“I am a pretty low-key kind of guy. When I painted Silencio, I was exploring the idea of listening to silence. I spend a lot of time in the studio, alone and quiet.
It becomes very meditative and interestingly enough, the emptiness fills itself with sounds, voices, words, colors and ideas. The painting Silencio is about those moments and in those moments you will find more than silence if you listen just right.”
“On a bit of a side-note, the word ‘silencio’ was also a small reference to one of my favorite scenes in ‘Mulholland Drive,’ where the character’s reality undergoes a major shift and her world turns upside down.”
“I am a huge David Lynch fan. I think that his [cult classic television show], ‘Twin Peaks’ is actually very much like so many small towns around the world. On one hand, these small towns look quaint and nice, but once you hang out a while and learn more about the people, all kinds of things reveal themselves. It may not be as amplified as in ‘Twin Peaks,’ but it’s all there.”
“What I like about his work is that he doesn’t provide all the answers. If anything, he makes you participate and come up with your own answers. Shoot, you end up creating your own questions too. For this reason, his films are more like paintings than films. I watched ‘Inland Empire’ a few weeks ago and I loved getting lost in it. I love where your mind goes if you allow it to.”
“I grew up in a small town in Michigan. The youngest of six kids. I think one of the perks of being the youngest is that by the time I came around, my parents where pretty well preoccupied with the stresses of raising six kids on little money. So I had quite a bit of freedom to wander around town and experience things on my own terms. Without question, my role models where my two older brothers. They still are today. By the time I was 10 or 11, they had both moved out, but when I would see them, they would introduce me to great books, music, art, photography and most importantly a way of looking at the world that wasn’t easily found in a small Michigan suburb.”
“My biggest influences are people who are on their own path and following their own compass. I don’t know that any of that translates directly into my use of color and line and pattern; but I do know that it drives me to sit down, pick up the brush and get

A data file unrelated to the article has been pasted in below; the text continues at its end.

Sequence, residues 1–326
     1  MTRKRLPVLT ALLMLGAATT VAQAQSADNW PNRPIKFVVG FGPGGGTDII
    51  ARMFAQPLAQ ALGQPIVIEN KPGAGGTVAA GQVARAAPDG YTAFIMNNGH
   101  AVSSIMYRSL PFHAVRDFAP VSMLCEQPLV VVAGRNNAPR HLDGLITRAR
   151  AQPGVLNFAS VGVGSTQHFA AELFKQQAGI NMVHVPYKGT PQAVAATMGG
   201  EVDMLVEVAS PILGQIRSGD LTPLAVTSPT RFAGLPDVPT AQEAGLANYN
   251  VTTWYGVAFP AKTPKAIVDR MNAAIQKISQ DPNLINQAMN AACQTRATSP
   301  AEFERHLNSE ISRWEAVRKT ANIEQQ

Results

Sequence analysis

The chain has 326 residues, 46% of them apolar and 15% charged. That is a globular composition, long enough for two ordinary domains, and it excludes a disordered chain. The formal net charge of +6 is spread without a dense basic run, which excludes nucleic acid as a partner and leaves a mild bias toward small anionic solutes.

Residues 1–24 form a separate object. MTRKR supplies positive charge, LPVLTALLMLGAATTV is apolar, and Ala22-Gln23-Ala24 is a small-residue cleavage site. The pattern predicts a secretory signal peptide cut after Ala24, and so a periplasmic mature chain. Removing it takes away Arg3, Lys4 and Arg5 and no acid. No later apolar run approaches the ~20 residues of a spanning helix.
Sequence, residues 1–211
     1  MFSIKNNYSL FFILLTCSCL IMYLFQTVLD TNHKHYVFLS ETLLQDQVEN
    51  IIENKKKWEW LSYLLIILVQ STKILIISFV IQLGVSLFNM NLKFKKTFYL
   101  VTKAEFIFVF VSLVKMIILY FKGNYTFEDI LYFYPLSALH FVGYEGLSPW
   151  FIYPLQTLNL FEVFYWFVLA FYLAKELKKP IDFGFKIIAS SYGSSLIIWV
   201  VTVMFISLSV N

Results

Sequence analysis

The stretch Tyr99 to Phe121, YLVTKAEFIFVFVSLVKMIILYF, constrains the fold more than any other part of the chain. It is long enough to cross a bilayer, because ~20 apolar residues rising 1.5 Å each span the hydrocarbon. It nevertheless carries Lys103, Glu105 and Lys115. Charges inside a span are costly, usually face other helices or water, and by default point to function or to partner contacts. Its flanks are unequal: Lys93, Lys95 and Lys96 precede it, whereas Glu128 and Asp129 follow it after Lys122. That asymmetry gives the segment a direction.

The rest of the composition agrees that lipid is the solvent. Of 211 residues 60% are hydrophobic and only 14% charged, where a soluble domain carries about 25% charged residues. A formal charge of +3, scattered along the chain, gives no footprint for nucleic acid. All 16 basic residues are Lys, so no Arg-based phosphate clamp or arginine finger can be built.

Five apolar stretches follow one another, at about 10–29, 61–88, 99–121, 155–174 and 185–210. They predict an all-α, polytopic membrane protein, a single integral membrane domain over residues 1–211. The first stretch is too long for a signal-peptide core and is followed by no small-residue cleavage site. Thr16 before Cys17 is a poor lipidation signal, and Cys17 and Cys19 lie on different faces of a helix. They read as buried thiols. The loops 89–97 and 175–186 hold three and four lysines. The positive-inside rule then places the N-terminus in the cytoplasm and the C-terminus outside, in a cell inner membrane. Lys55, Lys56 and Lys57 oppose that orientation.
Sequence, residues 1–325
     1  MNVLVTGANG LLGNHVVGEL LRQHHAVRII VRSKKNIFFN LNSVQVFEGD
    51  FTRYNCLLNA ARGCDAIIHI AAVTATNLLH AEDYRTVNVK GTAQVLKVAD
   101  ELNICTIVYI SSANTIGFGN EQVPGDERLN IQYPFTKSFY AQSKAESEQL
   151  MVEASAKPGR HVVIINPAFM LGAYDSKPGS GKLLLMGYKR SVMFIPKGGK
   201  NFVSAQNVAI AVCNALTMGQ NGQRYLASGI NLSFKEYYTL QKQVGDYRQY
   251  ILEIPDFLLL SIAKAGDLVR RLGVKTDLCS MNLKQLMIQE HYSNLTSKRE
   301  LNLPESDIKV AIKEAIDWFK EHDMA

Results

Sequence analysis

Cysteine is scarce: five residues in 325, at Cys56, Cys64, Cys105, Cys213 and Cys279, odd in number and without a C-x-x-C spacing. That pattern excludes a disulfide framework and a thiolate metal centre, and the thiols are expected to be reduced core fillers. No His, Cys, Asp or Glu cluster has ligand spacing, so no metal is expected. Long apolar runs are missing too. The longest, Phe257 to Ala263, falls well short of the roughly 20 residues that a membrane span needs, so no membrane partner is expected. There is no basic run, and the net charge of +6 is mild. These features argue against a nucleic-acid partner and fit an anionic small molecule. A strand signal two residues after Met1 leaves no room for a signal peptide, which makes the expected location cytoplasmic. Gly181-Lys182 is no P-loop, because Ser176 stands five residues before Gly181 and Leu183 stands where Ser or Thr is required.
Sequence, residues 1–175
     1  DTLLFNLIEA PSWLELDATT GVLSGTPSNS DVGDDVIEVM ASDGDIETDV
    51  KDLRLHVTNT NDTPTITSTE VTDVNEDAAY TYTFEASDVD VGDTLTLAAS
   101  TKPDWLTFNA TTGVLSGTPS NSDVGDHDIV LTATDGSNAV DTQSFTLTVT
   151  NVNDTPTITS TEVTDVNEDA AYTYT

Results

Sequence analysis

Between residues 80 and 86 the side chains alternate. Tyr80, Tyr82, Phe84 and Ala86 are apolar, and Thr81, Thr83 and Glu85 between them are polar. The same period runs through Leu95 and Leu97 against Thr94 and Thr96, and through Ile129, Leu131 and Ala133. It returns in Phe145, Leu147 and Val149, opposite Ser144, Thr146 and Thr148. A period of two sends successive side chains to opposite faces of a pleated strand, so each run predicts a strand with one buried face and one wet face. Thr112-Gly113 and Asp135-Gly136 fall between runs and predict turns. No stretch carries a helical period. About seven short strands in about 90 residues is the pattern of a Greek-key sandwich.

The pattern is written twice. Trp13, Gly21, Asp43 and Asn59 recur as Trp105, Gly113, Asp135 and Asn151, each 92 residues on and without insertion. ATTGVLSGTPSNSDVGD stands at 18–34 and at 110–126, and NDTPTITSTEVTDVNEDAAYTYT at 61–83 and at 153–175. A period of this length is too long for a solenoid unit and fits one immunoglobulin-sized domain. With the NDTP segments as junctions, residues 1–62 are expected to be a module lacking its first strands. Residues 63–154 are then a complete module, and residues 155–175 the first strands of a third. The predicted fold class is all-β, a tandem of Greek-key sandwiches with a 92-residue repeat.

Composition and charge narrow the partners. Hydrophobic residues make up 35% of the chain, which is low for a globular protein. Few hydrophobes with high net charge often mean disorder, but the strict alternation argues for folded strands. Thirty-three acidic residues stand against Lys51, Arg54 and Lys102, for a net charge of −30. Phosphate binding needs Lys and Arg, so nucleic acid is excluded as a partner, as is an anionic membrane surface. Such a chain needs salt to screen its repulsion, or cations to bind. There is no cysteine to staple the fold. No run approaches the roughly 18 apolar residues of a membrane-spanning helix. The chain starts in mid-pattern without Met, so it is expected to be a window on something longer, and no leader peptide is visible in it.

“I still have so many questions about the world and find enough material in it that I don’t ever feel the need to create an alternate reality. I tend to paint about what is close to me at the moment. This can be a person or an idea or a feeling or all those things rolled into one.”
“I’m no Jackson Pollack jumping all over the place. My work mode is very trance-like, and I suppose that comes though. I usually start working somewhere around 9:00 PM and stop somewhere around 2:00 AM. If I am listening to anything while working, it is usually classical or jazz music. I prefer music without words when I paint. Words tend to pull you back to a reality or influence imagery or ideas based on message of the lyrics, where classical lets you drift off into your own world.”
“One of the hurdles for artists, especially self-representing artists, is coming to terms with the line between your art being ‘art’ versus your art being a ‘product.’ I know the word ‘product’ is not a friendly word among artists, but unfortunately at that moment that you decide you want to sell your artwork, that piece becomes a product. For me, coming to this realization and understanding where that line is makes it much easier to keep those two worlds separate. This is essential to making the art that you want and still feel good about selling it at the end of the day. When you let that line blur, I think the artwork starts to suffer.”
“I suppose according to the definition, I would be considered an outsider artist. Although, I don’t really give any thought to what label might be appropriate to where I fit into the art world. I just keep trying to make the art that I want to make and that is about it.”
“If you love painting pictures of fish, then paint fish and love every minute of it. Ignore how other people paint fish. This is irrelevant to how you paint fish.”
“After that, the most important advice that I can give an artist just starting out is to throw out the old idea that you need a gallery or representation to make a living as an artist. This is simply not the case. The Internet makes it possible for us all to be self-sufficient as artists. Learn everything you can about selling online. After that, it is about working hard and painting your own fish.”
Thanks and appreciation to artist Keemo for his support for Combustus.